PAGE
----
My initial offering to clients as very generic and came from a list of possible tasks business owners could outsource, I had no idea who my ideal clients were, or what they needed! However, once I started to work with clients I had a much better idea of this

Sarah Banks https://banksbusinesssolutions.co.uk/

Talk us through the process of the launch of your business. What does a typical virtual assistant cover letter look like?

I didn’t have a formal launch for my business – I started to raise awareness by sharing things on my personal Facebook profile and connected with my first clients that way. After that, I starting to research networking groups I could attend both on and offline so that I could build up more connections.

I would say my business had a slow launch but I was busy with clients very quickly and within 12 months was fully booked for my services despite only really managing to do regular online networking.

There’s nothing like a fixed format of a virtual assistant cover letter. My clients find me both online as well as offline. Usually it is the first interaction whcih is most useful to convert a client.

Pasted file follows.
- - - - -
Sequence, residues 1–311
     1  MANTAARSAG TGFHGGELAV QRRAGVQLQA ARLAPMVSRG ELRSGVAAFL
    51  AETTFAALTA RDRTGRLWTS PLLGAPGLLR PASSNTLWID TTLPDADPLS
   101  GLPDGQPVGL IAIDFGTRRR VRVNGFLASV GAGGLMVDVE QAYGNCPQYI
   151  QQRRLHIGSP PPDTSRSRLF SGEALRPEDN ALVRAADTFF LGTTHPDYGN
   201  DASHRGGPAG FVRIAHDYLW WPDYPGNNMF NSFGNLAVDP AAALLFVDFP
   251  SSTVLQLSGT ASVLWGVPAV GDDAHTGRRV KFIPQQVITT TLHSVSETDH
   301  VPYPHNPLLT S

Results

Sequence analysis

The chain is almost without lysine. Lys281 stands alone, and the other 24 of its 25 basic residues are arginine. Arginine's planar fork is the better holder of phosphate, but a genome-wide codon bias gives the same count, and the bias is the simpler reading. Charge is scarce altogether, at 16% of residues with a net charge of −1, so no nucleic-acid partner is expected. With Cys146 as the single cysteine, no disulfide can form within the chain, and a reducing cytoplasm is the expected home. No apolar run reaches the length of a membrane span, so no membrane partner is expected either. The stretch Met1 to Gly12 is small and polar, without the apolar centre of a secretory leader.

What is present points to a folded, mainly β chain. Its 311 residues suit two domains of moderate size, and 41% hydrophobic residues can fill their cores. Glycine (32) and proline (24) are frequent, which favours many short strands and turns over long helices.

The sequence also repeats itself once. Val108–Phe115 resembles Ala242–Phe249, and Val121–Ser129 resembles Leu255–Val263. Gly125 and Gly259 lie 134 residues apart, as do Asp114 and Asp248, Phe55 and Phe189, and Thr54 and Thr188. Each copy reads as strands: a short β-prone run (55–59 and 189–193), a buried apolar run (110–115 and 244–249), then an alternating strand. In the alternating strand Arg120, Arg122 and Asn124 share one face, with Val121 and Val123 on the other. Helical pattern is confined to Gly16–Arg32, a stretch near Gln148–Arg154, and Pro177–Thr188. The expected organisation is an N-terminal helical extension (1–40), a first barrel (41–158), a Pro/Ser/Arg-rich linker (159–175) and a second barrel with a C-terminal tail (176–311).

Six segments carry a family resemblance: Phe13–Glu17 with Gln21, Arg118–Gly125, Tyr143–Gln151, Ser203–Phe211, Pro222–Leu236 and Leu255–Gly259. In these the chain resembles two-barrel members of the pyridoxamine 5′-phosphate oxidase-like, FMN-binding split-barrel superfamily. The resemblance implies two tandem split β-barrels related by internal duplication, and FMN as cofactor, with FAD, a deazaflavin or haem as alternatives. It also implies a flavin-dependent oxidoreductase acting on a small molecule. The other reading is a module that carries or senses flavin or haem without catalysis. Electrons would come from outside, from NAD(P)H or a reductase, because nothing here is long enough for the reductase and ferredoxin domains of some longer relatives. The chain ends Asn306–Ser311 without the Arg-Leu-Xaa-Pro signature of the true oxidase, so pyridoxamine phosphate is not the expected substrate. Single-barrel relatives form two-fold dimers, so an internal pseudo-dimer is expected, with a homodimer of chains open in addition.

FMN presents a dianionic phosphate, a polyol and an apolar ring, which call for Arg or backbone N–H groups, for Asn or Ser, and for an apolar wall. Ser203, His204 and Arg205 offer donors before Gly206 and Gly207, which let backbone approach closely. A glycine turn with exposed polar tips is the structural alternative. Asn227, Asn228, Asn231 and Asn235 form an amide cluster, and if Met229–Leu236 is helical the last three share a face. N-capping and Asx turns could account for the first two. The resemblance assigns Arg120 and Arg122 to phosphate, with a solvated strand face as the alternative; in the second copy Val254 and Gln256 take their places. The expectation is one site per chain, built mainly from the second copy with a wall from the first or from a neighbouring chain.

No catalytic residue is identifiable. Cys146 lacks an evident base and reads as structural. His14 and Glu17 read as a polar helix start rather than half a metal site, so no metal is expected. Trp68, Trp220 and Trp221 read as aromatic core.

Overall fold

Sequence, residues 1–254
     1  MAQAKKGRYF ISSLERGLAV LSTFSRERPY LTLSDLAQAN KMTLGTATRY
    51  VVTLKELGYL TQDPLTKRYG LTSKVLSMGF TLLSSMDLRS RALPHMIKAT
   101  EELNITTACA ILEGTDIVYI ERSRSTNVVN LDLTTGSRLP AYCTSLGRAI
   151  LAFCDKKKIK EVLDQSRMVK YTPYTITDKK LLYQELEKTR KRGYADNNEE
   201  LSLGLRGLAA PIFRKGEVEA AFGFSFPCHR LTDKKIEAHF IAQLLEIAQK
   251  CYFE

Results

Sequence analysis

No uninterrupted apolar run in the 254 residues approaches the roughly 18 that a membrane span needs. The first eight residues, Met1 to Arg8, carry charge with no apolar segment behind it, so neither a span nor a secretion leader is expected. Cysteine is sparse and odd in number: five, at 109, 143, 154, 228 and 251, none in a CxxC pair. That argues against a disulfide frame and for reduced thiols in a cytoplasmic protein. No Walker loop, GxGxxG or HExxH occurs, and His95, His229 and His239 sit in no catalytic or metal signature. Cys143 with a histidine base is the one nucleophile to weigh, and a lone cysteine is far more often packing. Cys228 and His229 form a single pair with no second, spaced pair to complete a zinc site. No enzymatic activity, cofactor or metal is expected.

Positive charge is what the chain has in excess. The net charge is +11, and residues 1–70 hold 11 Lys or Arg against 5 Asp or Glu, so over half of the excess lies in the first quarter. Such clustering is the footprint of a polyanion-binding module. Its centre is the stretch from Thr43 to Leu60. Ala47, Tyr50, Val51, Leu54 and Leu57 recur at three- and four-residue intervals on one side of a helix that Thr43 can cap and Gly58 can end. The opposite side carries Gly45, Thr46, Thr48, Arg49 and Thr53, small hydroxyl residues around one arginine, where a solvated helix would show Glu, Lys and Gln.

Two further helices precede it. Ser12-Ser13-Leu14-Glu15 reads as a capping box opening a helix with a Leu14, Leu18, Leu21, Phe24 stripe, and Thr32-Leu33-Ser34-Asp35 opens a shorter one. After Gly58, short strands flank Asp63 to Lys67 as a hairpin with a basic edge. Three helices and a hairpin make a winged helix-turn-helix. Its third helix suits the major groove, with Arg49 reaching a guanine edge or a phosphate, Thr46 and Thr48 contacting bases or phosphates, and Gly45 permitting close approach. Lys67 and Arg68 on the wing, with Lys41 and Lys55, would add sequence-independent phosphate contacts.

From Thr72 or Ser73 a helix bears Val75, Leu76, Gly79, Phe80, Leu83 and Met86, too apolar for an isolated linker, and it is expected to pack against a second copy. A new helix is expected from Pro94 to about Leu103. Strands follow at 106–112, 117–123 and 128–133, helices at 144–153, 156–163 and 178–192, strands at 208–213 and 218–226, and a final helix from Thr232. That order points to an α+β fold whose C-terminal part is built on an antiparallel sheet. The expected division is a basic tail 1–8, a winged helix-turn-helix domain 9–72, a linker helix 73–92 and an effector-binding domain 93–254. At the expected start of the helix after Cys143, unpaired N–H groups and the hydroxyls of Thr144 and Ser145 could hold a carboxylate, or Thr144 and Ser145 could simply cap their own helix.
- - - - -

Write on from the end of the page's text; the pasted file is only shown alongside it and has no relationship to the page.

However a basic format for a cover letter would include a very short summary of who you are. This is required to be short enough so that you can pick interest, rather than boring clients in the first conversation itself.

After the client shows interest, you can then pitch your exact services

How is your repeat customer rate like? Can you take us through how you attract and retain customers?

I don’t have a formal repeat customer rate! Many of my clients have been with me since my first year in business and others come back regularly for short term projects.

90% of my clients find me via referrals or I have connected with via online networking. The easiest way I have found to attract clients is to help them – when someone in my online networking groups needs help, I help them – this maybe with a quick comment to answer their question or by arranging a short call.

Whilst this doesn’t immediately lead to work in all instances, many of these people come to for support when they are in a position to pay for it as they know I am an expert in my field and will do my best to support them.

Check out reviews for Sarah Banks

What is the current situation? How do you see yourself in the next 12 months?

I am currently working with just over 20 clients – some of these are short term projects and others are retained clients. Over the next 12 months, I am planning to increase the number of projects I am working on whilst maintaining my work-life balance.